His own life for us, by Him who spoke of what He knew, to whom all things were open, the things of death no less than the things of life. They were spoken also when He was just going to lay down His life for us, when His love towards God and man was most perfectly displaying itself. Yet the words spoken by one so full of love and so full of all knowledge, the words spoken by Him who was truth itself, and at the moment

For they

when He was most showing His love, these words express the most fearful amount of misery which the human mind can possibly conceive. declare of an immortal being, that it would have been good for hiin if he had never been born. Now consider what immortality is, consider what is conveyed to us in the words “never ending ;" and it will be plain that if it were good for a man that this never ending being should never have been begun, it can only be because it will be to him a being of never ending misery. For let the misery last ever so long, yet if it has any end at all, the eternity of happy existence which follows that end must make it not bad, but infinitely good for us to have been born. Thousands on thousands of years of suffering, if that suffering is to end at last, must be infinitely less to an immortal being, infinitely more vain, infinitely more like a dream at waking, than one single second of suffering compared to threescore and ten years of perfect happiness.

There was one for whom it would have been good if he had never been born. But if this were all, if it were no more than a particular truth relating to one particular man, better a great deal that we should turn away our minds from a subject so dreadful rather than fix them on it; for why should we pain ourselves, why injure the calm tone of our feelings by presenting to them images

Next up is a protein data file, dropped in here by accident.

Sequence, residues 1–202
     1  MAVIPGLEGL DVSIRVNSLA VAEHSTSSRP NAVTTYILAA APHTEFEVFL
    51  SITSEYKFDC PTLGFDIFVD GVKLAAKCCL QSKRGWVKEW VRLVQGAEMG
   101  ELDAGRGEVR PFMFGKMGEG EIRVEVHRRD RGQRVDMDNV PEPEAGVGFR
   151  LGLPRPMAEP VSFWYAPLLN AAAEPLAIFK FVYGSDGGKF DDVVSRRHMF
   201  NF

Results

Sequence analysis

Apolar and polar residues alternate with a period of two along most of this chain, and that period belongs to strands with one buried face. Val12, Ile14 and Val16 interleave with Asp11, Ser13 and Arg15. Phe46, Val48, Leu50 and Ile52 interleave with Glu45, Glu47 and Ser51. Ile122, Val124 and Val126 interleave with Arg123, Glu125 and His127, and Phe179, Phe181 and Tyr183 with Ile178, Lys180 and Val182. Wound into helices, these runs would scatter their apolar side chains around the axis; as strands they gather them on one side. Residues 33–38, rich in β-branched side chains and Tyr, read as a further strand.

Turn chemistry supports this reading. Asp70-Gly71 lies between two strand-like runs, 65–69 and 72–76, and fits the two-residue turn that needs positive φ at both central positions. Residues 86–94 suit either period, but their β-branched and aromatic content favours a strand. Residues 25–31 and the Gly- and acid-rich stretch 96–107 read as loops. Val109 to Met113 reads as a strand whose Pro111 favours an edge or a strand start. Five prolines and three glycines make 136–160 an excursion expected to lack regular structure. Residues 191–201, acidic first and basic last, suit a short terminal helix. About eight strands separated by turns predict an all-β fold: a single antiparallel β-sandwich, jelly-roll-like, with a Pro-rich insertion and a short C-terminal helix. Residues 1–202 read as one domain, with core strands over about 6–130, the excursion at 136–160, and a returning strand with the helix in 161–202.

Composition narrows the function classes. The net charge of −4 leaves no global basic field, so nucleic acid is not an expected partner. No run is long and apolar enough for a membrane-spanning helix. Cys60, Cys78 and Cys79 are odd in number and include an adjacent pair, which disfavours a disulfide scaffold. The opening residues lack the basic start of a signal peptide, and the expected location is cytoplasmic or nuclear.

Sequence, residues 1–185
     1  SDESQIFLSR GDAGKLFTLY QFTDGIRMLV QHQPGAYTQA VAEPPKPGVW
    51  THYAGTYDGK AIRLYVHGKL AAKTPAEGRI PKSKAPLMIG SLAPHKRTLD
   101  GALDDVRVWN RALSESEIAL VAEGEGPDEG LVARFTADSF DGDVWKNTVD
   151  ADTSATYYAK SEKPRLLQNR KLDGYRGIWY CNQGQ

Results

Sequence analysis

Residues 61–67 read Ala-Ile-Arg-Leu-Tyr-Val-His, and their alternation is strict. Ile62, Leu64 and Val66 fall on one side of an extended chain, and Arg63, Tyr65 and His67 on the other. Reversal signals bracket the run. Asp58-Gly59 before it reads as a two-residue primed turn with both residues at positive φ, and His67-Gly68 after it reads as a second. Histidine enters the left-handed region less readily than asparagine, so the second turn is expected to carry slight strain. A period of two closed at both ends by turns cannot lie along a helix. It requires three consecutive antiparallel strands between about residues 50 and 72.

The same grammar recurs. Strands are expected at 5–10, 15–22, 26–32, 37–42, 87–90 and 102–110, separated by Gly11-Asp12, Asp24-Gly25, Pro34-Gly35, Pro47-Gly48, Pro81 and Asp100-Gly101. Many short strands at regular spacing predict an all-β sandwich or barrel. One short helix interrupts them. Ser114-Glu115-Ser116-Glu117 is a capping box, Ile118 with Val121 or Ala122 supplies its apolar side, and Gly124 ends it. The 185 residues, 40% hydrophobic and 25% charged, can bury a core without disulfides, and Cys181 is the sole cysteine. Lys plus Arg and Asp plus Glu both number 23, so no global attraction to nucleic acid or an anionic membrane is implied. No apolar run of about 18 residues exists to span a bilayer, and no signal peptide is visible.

of gratuitous horror ? What I have said already would have been far too much, if this were so. But if it be no particular truth, but a general one; if there have been many of whom it might have been said no less truly that it were good for them if they had never been born : when above all it will be truly said of our very selves,--of us now sitting here,—of us, most of us so young and so happy,—of us, so full of hope and of enjoyment, —when I say it will be true of every one of us that it were good for us if we had never been born, unless we cross over from death unto life, and so strive, and so watch, and so pray, as many of us now perhaps can hardly fancy themselves doing, then it is no useless horror, no unnecessary exciting the feelings, but a work rather of soberness, and truth, and loving kindness, to open the eyes of any on that gulf of infinite darkness into which he of whom Christ spake once fell; on whose edge, unconscious of our danger, we ourselves in many cases are now standing:

There is no occasion to dwell on the particular sin of him of whom the words in the text were spoken; for we know that except we repent we shall all likewise perish. Otherwise we might remember that they who sin against their Saviour are expressly said to crucify Him afresh; their guilt being thus made directly of the same sort as well as degree with his of whom Christ said that it had